Melatonin stays steady with age, study finds
November 5, 1999
Web posted at: 1:02 p.m. EST (1802 GMT)
From Medical Correspondent Holly Firfer
(CNN) -- Researchers have found melatonin levels do not
decline with age, indicating the hormone has nothing to do with sleep disorders in older adults as previously believed.
For many older Americans, going to bed doesn't necessarily mean going to sleep.
As we age, researchers say, our internal clocks change, and we don't sleep as deeply or as long as we did when we were younger.
Over the past two decades, small studies have concluded that levels of the hormone melatonin in the body decrease as we age, which researchers believed caused sleeping difficulties. But research in this week's American Journal of Medicine says that isn't true.
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"Our study indicates that healthy older people have indigenous melatonin production just as high on average as those of young men, and the message is: If it's not missing, don't replace it," said Dr. Charles Czeisler of Brigham and Woman's Hospital.
Melatonin is produced in the body in large quantities at night and is thought to control cycles of sleep and wakefulness.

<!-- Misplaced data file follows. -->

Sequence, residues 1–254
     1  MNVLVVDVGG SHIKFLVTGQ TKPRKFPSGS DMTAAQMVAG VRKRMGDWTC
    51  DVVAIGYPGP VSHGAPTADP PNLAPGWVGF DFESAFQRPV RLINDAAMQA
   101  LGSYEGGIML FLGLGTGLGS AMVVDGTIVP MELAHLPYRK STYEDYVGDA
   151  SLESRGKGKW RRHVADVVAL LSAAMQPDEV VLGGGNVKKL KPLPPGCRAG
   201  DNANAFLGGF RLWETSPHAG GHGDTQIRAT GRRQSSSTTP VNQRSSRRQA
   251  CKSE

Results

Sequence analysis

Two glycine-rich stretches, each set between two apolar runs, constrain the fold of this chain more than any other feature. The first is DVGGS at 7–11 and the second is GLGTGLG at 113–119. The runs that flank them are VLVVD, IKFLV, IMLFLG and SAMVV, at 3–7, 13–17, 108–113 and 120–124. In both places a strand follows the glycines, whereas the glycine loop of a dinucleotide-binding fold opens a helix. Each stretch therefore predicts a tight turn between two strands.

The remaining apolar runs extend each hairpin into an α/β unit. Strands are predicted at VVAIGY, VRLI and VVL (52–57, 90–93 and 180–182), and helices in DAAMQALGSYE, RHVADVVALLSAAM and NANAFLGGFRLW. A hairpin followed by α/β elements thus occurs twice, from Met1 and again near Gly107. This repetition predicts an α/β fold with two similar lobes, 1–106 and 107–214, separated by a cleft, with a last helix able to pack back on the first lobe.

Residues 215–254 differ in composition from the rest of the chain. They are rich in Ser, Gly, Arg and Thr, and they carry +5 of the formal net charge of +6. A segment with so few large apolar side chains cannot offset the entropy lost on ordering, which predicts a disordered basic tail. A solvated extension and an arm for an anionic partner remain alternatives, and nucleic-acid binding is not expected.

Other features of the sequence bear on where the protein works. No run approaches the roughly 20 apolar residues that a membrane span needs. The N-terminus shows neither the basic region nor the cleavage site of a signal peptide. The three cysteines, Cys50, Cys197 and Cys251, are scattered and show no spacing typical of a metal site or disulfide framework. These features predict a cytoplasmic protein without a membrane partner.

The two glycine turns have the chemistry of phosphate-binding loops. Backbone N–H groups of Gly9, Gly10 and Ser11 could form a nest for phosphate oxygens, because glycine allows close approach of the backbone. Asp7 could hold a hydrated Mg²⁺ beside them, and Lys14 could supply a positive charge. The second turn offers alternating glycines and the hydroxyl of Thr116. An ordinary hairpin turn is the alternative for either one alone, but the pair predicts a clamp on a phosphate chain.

Although health experts don't dispute melatonin's effect on sleep, they are concerned that healthy older people may be taking supplements of the hormone when they don't really need them.
Czeisler said there are many other environmental factors that may make sleeping difficult.
"They may keep the television or the radio on during the nighttime hours. When that occurs, that actually disturbs sleep, to have noise and light in the bedroom when you are trying to sleep," Czeisler said.
Sleeping in a room that's too cold or hot, going to bed at random times, drinking too much caffeine and smoking can all cause sleep disorders.
According to the study, taking aspirin, ibuprofen or beta blockers, which are used to treat heart disease, on a regular basis can reduce levels of melatonin. The authors say that may be the reason studies have previously shown lowered levels of the hormone in the elderly.
Researchers say there have been no large-scale studies done on side effects of taking melatonin supplements, but people should be cautious.
"There are some reports of people having depression becoming much worse after taking melatonin. There are reports of people developing hallucinations, in particular hallucinatory dreams, after taking melatonin," said Dr. Dan Oren of Yale University.
Melatonin is considered a food supplement, even though it is a human hormone. It is not regulated by the Food and Drug Administration and can be bought in any health food store. Researchers some people take 500 to 1,000 times more than their bodies would normal produce.
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The American Journal of Medicine
Brigham and Woman's Hospital
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